1 – Cashews and Depression
Cashews are a good source of the essential amino acid L-tryptophan, which is needed to produce serotonin in the brain. Serotonin is a neurotransmitter that has been shown to affect mood. Research has also shown that tryptophan depletion can result in depression.
2 – Cashews and Diabetes
The results of a lab rat study have suggested that cashews could reduce the risk of type 2 diabetes. The study showed that cashew nut extract is beneficial for controlling blood sugar, which reduces the risk of type 2 diabetes. Anacardic acid, the active component in cashew nuts, stimulates glucose transport, resulting in elevated glucose uptake, thus reducing the amount of sugar circulating in the bloodstream. Cashews also may enhance glycolysis (metabolism of sugar into energy) which also contributes to increased glucose uptake.
Other epidemiologic studies have associated nut consumption with a reduced risk of diabetes.
3 – Are Cashews Fattening?
Despite the high fat content of cashews and other nuts, clinical trials and epidemiologic studies indicate that frequent nut consumption is not likely to lead to obesity and could even help with weight loss.
4 – Cashews for Heart Health
Epidemiologic research has linked nut intake with a decreased risk of coronary heart disease. Interventional studies have consistently shown that nut consumption reduces cholesterol, and there’s growing evidence of the benefits on inflammation, oxidative stress, as well as vascular reactivity, a vital component of blood vessel function. Stomach fat, the metabolic syndrome and blood pressure also seem to be positively influenced by the consumption of nuts. It is thus clear that nuts have a beneficial impact on a number of cardiovascular risk factors.
Cashews have a lower fat content than most other nuts, and although they have a total fat content of 46%, the fatty acid composition is beneficial because the saturated fatty acid content is low (4-16%) and nearly 66% of the unsaturated fat is oleic acid, a heart healthy MUFA (monounsaturated fatty acid).
5 – Cashews for Healthy Bones
Cashews are a great source of copper, magnesium and zinc, 3 minerals that play a part in bone health.
Zinc is an essential mineral necessary for mineralization of bone and normal synthesis of collagen, which is the main component of connective tissue and is found abundantly in bones. Dietary copper deficiency has been shown to cause bone defects and osteoporosis. Magnesium is mitogenic (causes cell division) in osteoblasts (the major cellular component of bone) and magnesium depletion inhibits cellular growth.
6 – Cashews for the Immune System
The zinc in cashews plays a vital role in the strengthening of the immune system against microbial infections. Zinc deficiency is associated with elevated inflammation and zinc supplementation has been shown to shorten the duration and reduce the severity of the common cold.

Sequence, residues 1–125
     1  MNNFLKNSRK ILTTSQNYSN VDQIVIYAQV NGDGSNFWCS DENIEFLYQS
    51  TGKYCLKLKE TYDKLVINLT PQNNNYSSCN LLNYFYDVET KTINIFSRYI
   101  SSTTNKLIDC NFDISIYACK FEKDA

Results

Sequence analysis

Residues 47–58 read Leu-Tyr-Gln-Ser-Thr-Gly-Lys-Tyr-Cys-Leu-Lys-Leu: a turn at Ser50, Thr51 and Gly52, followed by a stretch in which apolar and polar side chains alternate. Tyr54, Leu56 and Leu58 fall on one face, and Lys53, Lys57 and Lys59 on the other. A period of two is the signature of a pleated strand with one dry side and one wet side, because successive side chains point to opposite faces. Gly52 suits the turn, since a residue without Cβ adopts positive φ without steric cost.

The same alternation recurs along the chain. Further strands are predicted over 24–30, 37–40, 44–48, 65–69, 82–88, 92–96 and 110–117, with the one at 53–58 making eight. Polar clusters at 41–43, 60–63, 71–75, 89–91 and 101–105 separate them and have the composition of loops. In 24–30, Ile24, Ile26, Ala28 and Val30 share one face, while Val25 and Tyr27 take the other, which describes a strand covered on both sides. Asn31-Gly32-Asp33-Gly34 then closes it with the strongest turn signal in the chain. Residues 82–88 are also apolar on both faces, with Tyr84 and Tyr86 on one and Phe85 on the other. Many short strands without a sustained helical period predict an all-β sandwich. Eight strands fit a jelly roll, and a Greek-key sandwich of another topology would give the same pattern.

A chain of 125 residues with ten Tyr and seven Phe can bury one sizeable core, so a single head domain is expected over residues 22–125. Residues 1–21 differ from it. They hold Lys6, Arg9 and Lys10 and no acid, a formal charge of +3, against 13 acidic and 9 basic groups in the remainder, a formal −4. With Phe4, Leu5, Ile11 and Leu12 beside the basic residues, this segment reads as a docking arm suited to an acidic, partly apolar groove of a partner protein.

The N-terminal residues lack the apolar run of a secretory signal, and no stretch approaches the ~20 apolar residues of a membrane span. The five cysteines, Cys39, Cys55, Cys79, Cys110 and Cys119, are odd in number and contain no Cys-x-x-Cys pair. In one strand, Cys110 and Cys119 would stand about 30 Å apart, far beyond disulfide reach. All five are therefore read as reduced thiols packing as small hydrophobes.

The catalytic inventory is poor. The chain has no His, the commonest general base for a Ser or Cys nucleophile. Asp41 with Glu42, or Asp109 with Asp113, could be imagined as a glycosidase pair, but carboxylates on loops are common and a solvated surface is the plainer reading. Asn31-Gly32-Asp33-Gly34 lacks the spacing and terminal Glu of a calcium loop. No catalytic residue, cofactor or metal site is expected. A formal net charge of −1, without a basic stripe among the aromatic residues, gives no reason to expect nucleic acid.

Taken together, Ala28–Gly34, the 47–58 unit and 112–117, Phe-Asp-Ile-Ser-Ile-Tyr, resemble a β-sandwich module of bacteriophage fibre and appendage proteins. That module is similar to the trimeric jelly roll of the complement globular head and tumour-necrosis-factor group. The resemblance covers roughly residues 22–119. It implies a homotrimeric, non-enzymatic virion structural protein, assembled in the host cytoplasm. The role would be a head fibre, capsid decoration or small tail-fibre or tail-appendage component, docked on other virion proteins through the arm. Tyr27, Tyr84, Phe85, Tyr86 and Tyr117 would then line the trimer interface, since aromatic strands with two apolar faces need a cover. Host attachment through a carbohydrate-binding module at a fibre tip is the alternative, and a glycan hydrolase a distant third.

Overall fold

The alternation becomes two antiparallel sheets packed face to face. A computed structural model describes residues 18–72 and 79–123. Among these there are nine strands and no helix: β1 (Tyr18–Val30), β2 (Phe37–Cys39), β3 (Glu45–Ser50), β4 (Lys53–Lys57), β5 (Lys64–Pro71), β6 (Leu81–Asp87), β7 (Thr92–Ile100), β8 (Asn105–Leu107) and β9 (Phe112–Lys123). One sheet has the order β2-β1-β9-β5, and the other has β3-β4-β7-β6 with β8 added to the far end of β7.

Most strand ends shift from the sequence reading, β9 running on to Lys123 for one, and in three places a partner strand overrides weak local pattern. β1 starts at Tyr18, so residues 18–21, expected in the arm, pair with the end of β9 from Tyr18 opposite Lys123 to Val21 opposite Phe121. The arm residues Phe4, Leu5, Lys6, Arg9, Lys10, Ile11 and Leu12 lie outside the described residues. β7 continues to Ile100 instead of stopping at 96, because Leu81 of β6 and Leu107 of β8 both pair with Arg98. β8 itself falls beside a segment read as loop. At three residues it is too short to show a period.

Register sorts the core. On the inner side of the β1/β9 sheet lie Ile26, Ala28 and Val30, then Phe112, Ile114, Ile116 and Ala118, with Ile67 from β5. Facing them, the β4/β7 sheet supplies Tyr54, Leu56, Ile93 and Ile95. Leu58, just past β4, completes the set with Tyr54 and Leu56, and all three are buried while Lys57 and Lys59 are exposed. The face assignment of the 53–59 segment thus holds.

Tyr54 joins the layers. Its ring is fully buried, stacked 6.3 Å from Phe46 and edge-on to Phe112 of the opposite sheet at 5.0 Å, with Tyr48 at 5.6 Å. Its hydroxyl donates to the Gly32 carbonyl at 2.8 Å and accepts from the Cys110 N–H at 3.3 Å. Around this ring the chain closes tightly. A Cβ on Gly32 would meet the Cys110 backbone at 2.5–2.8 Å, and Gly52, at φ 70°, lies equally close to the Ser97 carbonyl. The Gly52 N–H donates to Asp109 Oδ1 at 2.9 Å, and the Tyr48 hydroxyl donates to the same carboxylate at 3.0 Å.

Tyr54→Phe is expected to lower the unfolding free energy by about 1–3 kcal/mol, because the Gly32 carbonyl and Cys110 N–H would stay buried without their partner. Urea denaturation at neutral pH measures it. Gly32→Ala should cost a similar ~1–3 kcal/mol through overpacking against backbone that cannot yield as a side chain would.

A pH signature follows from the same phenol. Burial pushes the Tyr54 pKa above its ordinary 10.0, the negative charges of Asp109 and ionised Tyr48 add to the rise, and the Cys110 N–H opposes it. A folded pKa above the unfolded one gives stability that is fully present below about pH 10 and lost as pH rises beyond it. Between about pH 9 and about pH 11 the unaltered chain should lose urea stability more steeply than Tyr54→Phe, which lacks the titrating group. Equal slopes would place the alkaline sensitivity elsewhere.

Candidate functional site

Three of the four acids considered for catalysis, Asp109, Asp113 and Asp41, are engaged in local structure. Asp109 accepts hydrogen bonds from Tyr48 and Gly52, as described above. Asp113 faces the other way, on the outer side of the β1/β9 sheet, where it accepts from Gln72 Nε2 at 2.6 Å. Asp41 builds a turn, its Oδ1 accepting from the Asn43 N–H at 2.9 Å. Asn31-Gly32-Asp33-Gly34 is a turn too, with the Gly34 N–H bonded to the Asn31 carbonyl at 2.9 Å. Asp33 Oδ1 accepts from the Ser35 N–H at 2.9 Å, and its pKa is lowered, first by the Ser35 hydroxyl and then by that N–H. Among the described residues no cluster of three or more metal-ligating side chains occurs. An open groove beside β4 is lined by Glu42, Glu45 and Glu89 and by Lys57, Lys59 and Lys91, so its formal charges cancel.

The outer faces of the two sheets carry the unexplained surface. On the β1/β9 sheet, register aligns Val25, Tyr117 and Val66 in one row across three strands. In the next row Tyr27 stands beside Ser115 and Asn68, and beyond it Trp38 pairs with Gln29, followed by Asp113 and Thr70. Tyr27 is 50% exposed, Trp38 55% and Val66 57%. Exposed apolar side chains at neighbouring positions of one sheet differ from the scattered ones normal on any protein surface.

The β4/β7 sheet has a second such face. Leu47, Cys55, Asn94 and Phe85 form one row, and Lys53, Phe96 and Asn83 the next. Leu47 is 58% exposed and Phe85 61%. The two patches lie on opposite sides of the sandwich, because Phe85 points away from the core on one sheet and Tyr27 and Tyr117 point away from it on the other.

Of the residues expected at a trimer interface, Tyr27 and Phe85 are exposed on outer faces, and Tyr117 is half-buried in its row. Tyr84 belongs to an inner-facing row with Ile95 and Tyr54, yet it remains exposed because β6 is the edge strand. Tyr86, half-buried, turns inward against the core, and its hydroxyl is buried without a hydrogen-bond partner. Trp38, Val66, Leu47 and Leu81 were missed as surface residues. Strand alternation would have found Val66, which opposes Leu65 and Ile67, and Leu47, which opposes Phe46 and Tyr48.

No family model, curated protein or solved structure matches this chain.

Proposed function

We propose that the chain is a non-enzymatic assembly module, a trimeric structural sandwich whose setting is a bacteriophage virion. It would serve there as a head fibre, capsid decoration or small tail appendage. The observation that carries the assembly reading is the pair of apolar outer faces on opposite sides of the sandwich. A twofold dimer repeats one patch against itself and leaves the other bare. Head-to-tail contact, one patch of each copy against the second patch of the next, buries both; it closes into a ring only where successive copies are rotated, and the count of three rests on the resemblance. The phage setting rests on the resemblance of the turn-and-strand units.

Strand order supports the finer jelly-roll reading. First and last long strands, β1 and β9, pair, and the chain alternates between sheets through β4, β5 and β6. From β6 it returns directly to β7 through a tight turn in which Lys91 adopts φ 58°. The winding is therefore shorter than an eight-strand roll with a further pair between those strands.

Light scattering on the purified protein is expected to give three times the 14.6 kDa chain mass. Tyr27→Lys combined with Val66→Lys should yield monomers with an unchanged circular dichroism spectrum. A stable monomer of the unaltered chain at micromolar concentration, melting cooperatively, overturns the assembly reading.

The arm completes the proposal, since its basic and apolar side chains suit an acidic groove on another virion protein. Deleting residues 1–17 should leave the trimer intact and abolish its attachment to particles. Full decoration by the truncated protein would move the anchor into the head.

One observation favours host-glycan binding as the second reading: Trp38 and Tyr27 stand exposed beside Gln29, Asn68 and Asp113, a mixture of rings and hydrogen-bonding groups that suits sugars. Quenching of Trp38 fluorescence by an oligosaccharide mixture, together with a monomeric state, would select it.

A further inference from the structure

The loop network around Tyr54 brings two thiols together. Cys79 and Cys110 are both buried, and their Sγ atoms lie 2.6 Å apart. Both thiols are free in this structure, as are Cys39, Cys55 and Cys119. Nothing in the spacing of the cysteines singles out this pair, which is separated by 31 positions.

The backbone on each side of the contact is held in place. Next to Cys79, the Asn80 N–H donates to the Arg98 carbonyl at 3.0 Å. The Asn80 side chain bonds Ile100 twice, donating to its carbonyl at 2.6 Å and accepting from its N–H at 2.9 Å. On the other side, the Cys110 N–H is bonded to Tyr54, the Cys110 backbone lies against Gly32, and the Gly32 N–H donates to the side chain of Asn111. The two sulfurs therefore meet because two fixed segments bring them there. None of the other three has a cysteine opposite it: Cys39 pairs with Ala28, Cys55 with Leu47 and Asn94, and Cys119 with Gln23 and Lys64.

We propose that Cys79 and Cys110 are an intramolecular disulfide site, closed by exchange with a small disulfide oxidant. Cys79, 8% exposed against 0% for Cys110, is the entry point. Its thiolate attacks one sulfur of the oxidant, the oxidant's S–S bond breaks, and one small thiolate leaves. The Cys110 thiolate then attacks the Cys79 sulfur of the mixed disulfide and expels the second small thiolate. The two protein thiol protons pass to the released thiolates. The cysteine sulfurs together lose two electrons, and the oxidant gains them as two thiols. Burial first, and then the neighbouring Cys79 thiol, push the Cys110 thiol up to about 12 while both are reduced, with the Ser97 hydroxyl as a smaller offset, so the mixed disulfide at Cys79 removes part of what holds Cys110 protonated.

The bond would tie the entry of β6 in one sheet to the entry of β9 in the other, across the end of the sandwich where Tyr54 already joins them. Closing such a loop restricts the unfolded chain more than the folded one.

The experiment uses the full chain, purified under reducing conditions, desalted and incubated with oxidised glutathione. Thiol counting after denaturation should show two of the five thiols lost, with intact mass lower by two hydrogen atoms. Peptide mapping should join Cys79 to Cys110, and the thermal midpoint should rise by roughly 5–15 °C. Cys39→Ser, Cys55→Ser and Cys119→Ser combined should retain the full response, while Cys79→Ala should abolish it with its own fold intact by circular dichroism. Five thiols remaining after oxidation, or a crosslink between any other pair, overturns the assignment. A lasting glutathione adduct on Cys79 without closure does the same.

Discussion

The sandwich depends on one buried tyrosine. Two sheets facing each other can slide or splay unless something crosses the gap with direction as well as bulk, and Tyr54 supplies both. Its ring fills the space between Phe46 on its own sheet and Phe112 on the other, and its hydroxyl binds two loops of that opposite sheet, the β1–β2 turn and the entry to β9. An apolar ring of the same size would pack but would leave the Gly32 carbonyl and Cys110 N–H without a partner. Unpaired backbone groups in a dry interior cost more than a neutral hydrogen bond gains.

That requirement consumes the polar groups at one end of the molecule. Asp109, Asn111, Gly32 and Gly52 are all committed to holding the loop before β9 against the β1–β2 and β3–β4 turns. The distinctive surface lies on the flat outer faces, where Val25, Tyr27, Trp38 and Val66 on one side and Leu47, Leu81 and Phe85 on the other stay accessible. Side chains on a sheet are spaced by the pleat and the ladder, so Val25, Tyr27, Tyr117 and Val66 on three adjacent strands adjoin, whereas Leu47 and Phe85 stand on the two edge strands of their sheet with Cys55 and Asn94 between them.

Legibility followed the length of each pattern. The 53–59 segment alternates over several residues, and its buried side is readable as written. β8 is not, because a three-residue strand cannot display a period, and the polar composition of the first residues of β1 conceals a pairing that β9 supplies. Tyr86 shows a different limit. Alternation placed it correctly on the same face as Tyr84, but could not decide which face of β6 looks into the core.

7 – Cashews for Blood Pressure
The magnesium in cashews can help with blood pressure regulation. Magnesium reduces risk of hypertension, and may also reduce blood pressure in individuals having high blood pressure.
8 – Cashews for Cholesterol
Cashew nuts are cholesterol-free, and they contain sizeable amounts of phytosterols. Phytosterols interfere with cholesterol absorption and thus help lower blood cholesterol when present in sufficient amounts in the intestinal lumen. In all probability the phytosterol content of nuts contributes to their cholesterol-lowering effect.
9 – Cashews for Healthy Eyes
Cashews contain lutein and zeaxanthin, 2 important nutrients for eye health that could reduce risk of macular degeneration and cataracts.
10 – Cashews for Gallstones
In a large prospective study of 80,718 women from the Nurses’ Health Study who had no history of gallstone disease, it was revealed that frequent nut consumption is associated with a reduced risk of developing gallstones.
Nutrients in Cashews
Cashew nuts are an excellent source of monounsaturated fats. They’re also a fantastic source of numerous minerals, such as copper, magnesium, potassium, iron, and zinc. Cashews are also a great source of biotin and protein. The juice of the cashew apple has 200-220 mg of Vitamin C per 100 ml, and various other valuable micro-nutrients.
Nutritional value of cashews per 100g:
- How many calories in cashews – 553
- How much protein in cashews – 18g
- How many carbs in cashews – 30g
- What is the fat content of cashews – 44g
Where do Cashews Come From?
The cashew tree originated in Brazil. Portuguese explorers introduced cashew into other tropical regions In the sixteenth century. The cashew nut actually a seed from the cashew apple fruit. The juice of the cashew apple (suco de caju) is one of the most popular juices all over Brazil. Today, the leading commercial producers of cashew nuts are Brazil, India, Mozambique, Nigeria and Tanzania.